- Associated Press - Sunday, December 6, 2015

FARGO, N.D. (AP) - Jon Melgaard wanted to bring geographic literacy into the 21st century.

The result was a colorful, 53-piece wooden puzzle. Each piece represents a different county in North Dakota and on the back of each puzzle piece is a quick response, or QR, code that can be scanned by a smart device to reveal a bit more online information about each county.

“Our goal was to get one of these into every single fourth-grade classroom in North Dakota,” said Melgaard, who launched the project when he was Entrepreneur in Residence at Fargo-based Kilbourne Group. The puzzle project grew into a nonprofit initiative that was hosted by the Fargo Moorhead Area Foundation of Fargo. It is now a volunteer-led initiative.

Melgaard said he had been working on the project for about two years, with the goal to develop a tool that complemented the North Dakota Studies Curriculum, which is taught to fourth-graders in classrooms across the state. North Dakota Studies teaches fourth-graders about the geography, history, government, current issues and citizenship of the state.

He researched interactive learning methods and tried to determine whether the best approach would be hands-on, tactile learning or one that incorporated the technology with which children are familiar today. Connected Puzzles is a combination of both, a project that respects the past while providing inspiration for the future, said Melgaard.

By the end of the year, Melgaard said 537 classrooms from 325 different schools in the state will be using the Connected Puzzles. Among them are fourth grade classrooms at Edison Elementary and other Minot schools. He said more than $45,000 was raised to produce the puzzles.

The Minot Community Foundation and Minot Public School Foundation were among the contributors, along with the Kilbourne Group, Forum Communications, BNSF Foundation, Grand Forks Community Foundation, West Fargo Public Schools, Fargo Public Schools Foundation, First International Bank & Trust, ND Community Foundation, Mandan Public Schools, Midcontinent, Border States Electric, Red River Teacher Center, Grand Forks Public School Foundation, and other individual contributors.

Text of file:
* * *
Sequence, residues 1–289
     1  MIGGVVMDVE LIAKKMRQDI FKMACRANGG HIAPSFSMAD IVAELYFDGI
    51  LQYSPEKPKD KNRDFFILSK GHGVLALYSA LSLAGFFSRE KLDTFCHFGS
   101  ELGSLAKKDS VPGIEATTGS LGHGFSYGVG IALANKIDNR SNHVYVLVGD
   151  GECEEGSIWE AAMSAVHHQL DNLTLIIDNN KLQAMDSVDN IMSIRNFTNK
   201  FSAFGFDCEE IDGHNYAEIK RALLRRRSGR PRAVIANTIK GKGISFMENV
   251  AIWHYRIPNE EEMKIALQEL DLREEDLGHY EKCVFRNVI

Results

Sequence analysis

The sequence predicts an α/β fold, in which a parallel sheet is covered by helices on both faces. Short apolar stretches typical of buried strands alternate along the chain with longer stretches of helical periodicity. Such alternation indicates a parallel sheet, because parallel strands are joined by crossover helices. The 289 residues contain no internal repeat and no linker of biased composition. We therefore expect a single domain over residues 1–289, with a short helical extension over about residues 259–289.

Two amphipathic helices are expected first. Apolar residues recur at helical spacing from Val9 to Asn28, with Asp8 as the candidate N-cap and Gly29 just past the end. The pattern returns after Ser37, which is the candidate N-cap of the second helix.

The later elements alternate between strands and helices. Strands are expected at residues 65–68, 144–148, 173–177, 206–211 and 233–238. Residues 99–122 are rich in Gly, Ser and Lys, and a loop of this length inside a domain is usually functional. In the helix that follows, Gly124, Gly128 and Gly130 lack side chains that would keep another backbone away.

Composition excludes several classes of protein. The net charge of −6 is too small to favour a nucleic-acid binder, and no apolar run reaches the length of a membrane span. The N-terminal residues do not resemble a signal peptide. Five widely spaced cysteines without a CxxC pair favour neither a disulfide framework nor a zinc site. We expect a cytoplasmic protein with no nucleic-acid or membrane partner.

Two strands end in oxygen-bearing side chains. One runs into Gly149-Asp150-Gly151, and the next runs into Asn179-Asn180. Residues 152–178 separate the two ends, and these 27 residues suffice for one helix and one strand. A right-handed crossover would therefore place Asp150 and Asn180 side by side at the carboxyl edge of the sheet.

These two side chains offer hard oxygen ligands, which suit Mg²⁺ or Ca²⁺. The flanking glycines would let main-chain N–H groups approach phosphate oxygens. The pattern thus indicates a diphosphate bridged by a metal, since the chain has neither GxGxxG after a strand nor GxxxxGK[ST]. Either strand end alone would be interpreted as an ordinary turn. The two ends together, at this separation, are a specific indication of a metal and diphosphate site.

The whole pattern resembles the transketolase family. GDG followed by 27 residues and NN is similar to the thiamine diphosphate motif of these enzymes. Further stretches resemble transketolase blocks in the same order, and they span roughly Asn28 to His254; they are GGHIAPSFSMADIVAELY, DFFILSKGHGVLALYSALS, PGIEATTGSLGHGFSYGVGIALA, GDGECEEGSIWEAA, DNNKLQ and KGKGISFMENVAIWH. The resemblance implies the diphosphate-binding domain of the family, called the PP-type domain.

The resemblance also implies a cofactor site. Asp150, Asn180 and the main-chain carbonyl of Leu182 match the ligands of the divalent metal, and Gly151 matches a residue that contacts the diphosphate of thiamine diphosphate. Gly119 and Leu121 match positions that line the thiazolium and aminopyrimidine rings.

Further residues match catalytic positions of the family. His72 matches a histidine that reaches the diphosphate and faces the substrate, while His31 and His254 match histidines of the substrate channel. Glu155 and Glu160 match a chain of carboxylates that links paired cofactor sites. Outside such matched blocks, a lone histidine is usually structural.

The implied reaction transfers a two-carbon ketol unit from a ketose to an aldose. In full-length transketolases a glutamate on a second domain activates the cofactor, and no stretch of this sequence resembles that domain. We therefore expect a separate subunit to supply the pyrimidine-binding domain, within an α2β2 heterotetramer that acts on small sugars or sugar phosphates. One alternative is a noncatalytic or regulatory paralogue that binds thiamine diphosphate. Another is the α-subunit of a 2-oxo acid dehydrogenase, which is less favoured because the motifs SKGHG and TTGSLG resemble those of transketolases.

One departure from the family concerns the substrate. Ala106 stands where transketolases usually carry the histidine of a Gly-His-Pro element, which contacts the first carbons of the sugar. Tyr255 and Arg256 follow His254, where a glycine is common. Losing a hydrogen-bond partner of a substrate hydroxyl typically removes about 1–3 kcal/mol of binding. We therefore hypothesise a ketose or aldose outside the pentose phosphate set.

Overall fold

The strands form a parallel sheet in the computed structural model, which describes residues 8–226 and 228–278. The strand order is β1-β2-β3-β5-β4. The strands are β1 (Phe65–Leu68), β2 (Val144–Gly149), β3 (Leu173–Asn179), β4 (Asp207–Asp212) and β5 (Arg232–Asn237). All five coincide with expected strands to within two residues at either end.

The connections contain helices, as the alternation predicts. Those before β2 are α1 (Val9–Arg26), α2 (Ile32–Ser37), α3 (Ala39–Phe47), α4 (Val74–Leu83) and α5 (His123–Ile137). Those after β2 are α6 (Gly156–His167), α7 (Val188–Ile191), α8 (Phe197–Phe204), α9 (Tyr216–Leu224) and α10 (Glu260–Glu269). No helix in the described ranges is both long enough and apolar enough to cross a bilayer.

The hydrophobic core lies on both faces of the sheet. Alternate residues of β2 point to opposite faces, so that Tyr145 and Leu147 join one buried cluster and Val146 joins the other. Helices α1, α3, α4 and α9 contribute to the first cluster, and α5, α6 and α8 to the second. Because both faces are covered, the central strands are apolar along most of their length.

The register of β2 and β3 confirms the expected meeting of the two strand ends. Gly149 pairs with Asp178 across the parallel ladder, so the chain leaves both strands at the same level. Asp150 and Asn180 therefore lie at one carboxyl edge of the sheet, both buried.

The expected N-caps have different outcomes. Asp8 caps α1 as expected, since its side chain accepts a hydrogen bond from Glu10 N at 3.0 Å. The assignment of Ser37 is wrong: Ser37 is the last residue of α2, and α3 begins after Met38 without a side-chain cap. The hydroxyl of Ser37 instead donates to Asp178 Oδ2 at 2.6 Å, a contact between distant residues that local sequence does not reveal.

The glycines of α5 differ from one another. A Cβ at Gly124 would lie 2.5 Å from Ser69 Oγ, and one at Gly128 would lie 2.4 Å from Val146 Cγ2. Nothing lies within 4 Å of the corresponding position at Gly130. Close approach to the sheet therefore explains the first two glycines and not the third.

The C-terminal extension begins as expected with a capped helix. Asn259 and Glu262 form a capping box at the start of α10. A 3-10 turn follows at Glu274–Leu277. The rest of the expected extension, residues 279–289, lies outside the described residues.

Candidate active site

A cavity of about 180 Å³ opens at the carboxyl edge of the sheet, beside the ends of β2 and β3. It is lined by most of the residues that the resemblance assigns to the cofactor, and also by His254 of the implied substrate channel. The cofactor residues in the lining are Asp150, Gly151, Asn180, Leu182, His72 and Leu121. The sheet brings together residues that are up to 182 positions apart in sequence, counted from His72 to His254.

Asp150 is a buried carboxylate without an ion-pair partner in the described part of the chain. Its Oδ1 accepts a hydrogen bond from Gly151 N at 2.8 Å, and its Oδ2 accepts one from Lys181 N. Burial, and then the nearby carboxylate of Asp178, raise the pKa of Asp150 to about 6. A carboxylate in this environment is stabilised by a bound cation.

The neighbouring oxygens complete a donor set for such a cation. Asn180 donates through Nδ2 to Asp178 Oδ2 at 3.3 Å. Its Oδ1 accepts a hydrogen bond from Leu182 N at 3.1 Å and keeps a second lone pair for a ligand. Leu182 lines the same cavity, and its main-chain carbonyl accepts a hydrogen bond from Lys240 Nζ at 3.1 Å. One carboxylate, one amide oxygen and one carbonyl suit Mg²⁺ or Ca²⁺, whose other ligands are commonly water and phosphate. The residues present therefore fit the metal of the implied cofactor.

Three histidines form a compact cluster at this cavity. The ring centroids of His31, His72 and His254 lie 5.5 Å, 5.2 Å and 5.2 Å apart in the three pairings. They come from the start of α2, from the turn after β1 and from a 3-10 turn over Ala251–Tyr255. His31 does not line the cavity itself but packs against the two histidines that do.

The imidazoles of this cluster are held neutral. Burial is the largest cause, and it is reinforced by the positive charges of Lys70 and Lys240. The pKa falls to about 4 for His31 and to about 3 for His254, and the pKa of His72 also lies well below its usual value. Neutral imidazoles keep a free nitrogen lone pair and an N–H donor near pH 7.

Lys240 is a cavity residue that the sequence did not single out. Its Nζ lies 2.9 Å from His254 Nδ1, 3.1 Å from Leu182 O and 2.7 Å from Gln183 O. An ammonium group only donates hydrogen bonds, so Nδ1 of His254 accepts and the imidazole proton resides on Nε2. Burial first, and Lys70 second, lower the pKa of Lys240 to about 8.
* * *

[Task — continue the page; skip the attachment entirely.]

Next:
“Through the generosity of many donors, we’ve completed our campaign,” Melgaard told the Minot Daily News (http://bit.ly/1YFMMWA ). “It’s fun to see what happens when North Dakota comes together.”

After the puzzles are in classrooms, Melgaard said the group will focus on developing more curriculum content. When children scan the back of a puzzle piece, they will eventually find more immersive and engaging information online about a particular county. Melgaard said the group has worked with the North Dakota Heritage Center in Bismarck and other organizations to provide content.

Melgaard said other states are interested in the project, though so far there are only North Dakota puzzles.

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Information from: Minot Daily News, http://www.minotdailynews.com

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